4 steps to surviving as a social entrepreneur

With climate change and pressing social issues knocking on the door of an increasingly interconnected planet, the world needs social entrepreneurs more than ever.

Marianne Caroline
Oct 3, 2016 · 4 min read

Tackling some of the world’s greatest challenges requires courage, and a true representative of that courage is Stacy Flynn, co-founder of the trailblazing textile technology start-up Evrnu and winner of the Fabric of Change challenge.

My interview with Stacy was originally published on Virgin and can be read here.

Since starting her career sourcing textiles for large companies, Stacy has set about developing a technology that could make cotton become infinitely and cleanly renewable. Today, her company Evrnu is a ‘social purpose corporation’ whose technology can “turn a T-shirt into a pulp then back into virgin cotton with what looks like a shower head.” Stacy is now working with companies like Levi’s and scaling her technology, but her journey required summoning the grit to pursue her vision.

I sat down with Stacy to learn more about four principles that every social entrepreneur should have in their survival kit:

1. Educate yourself and others

From the word go, Stacy set out to become a world expert on textile technology. “I knew I needed more training if I was going to take this challenge on,” Stacy says. “When bringing something new into the world, you don’t yet have a reputation. I needed more training so I could bridge the gap between how sustainability professionals see the world, and how apparel professionals see the world.”

Today, she is an alumnus of the Fashion Institute of Technology and Pinchot University and has a reputation for sharing knowledge. The expertise she built was essential for her ability to form corporate partnerships.

2. Find like-minded people to join your journey

Referring to her co-founder Christopher Stanev, Stacy says: “we’re more powerful together than we are alone.” Stacy seems skilled at bringing people along on her journeys. Not only has she convinced major corporations to support her innovative technology, but she has also built a solid team at Evrnu and gathered mentors around her. Stacy emphasises that role models are incredibly helpful along one’s journey as a social entrepreneur: “I have a lot of role models and I tend to seek them out much more than most people. I’m so lucky that when things get hard I have a lot of people I can call.”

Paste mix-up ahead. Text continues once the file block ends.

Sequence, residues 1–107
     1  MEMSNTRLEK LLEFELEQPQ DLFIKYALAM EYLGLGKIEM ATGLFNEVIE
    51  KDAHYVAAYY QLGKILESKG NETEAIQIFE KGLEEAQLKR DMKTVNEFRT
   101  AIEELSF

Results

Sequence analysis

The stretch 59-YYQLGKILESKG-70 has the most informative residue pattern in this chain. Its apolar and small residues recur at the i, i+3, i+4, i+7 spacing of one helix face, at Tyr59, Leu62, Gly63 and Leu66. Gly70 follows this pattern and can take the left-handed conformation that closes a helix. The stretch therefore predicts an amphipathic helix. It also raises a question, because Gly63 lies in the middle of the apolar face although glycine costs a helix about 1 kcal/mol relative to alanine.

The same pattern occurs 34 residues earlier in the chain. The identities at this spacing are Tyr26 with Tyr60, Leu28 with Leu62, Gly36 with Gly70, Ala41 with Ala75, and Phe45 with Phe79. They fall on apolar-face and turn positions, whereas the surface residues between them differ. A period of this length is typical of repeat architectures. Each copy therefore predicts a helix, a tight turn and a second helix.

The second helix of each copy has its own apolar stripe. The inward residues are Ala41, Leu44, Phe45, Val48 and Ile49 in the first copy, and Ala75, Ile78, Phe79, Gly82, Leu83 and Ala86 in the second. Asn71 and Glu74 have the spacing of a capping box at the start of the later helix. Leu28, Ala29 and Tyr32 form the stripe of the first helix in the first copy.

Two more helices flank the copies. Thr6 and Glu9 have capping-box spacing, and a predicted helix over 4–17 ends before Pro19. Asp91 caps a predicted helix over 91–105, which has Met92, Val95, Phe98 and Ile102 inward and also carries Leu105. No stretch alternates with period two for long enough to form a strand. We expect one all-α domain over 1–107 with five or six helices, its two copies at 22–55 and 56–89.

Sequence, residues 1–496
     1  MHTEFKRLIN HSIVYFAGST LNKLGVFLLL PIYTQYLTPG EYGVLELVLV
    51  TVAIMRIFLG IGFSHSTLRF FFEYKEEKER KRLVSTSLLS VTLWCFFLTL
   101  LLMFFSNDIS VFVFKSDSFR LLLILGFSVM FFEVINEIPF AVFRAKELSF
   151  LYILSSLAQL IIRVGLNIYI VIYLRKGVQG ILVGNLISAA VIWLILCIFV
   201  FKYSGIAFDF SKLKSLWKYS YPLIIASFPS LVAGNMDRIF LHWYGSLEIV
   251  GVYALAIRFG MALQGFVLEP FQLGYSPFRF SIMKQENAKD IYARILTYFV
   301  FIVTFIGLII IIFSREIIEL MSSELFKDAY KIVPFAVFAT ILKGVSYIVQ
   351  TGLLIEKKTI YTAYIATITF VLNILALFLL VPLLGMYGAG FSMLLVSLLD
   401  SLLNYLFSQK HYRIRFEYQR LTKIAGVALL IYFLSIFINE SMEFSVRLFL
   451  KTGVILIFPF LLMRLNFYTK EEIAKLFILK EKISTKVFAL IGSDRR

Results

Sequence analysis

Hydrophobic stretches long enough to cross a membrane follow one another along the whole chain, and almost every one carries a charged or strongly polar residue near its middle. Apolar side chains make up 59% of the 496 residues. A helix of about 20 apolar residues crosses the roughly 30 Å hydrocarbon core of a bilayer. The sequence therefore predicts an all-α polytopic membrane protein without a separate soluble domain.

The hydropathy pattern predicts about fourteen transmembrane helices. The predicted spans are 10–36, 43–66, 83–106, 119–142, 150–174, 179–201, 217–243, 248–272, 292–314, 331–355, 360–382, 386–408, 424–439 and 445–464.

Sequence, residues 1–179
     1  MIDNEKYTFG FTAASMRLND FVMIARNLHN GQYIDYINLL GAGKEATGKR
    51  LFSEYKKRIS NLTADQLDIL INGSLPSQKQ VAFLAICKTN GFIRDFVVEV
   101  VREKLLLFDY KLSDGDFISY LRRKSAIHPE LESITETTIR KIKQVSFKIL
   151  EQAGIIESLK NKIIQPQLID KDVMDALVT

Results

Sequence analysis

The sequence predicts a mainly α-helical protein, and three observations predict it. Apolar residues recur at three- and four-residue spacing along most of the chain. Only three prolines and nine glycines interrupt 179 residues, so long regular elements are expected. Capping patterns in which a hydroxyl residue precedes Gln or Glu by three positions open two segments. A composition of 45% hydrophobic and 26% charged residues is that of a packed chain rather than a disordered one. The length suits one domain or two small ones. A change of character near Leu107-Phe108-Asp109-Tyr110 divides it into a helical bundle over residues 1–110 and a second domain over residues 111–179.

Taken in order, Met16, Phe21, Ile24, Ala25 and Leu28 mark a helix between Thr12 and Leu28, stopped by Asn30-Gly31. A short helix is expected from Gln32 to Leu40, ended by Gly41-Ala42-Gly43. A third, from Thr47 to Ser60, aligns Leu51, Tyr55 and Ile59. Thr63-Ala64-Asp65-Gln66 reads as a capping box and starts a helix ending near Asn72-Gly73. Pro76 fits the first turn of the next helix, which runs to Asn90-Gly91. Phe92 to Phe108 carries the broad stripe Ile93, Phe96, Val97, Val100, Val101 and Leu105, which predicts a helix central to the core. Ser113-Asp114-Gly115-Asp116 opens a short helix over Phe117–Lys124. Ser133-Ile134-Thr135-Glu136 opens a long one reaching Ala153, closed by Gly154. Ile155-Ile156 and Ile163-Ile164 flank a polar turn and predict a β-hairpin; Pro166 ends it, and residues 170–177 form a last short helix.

“The coolest thing is we’re working with people across different industries,” she says. “It’s about pulling out the best in people and recognising when something isn’t your realm of expertise by bringing in someone more qualified.”

Virgin Unite, Entrepreneur, education, Ashoka, Fabric of change
Virgin Unite, Entrepreneur, education, Ashoka, Fabric of change

Image from Start Up stock photos

3. Lay out your vision

Social entrepreneurs have a strong vision for what a better world could look like. Stacy has what she calls her ‘legacy vision’ laid out until 2050. She explains, “I’m working on something much bigger than myself. I keep a strong visual on how the story ends in 2050 with a handful of us saying ‘look at what we just did!’ I’m fighting to have a legacy of change.”

The bigger vision for Stacy means catalysing other players to make an impact. She says, “I think there’s a way to bring technology into the world which has a ripple effect. It’s not just about the technology, but what it inspires other people to layer on top of it.”

4. Believe in yourself and have confidence in your own ability

We know entrepreneurs are hit with their fair share of personal criticism along the way. “People always ask me ‘What makes you think you can pull this off? Why hasn’t anyone done this before?’ What makes you so special?’” Stacy says.

Despite these questions, she has kept going — “I realised this challenge was way too important to be self-conscious. I didn’t even know what a ‘social entrepreneur’ was when I started this, but I have now accepted the identity.”

For Stacy, it was a growth process. “I had to step-up,” she says. “You need to have so much confidence in your own ability. Learning that internal leadership was hard for me. I thought others were more qualified than me, but I realised you can learn things like finance and how to raise money, but you cannot learn the vision you inherently have.”

Ultimately, re-imagining what’s possible, dedication to growing her expertise, collaboration, and courage have been vital parts of Stacy’s survival kit as a social entrepreneur.

Virgin Unite, Entrepreneur, education, Ashoka, Fabric of change
Virgin Unite, Entrepreneur, education, Ashoka, Fabric of change

Image from Evrnu

To learn more about the Fabric of Change challenge follow the link here.

Marianne Caroline

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